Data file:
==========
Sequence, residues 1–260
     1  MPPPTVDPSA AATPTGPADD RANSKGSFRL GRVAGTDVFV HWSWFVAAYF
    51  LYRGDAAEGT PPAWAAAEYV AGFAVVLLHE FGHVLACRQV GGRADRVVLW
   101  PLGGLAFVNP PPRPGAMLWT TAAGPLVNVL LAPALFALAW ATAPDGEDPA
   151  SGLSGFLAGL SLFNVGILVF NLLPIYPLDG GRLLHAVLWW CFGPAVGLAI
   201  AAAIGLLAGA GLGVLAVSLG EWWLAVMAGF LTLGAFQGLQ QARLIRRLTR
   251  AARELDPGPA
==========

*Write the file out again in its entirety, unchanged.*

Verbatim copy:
Sequence, residues 1–260
     1  MPPPTVDPSA AATPTGPADD RANSKGSFRL GRVAGTDVFV HWSWFVAAYF
    51  LYRGDAAEGT PPAWAAAEYV AGFAVVLLHE FGHVLACRQV GGRADRVVLW
   101  PLGGLAFVNP PPRPGAMLWT TAAGPLVNVL LAPALFALAW ATAPDGEDPA
   151  SGLSGFLAGL SLFNVGILVF NLLPIYPLDG GRLLHAVLWW CFGPAVGLAI
   201  AAAIGLLAGA GLGVLAVSLG EWWLAVMAGF LTLGAFQGLQ QARLIRRLTR
   251  AARELDPGPA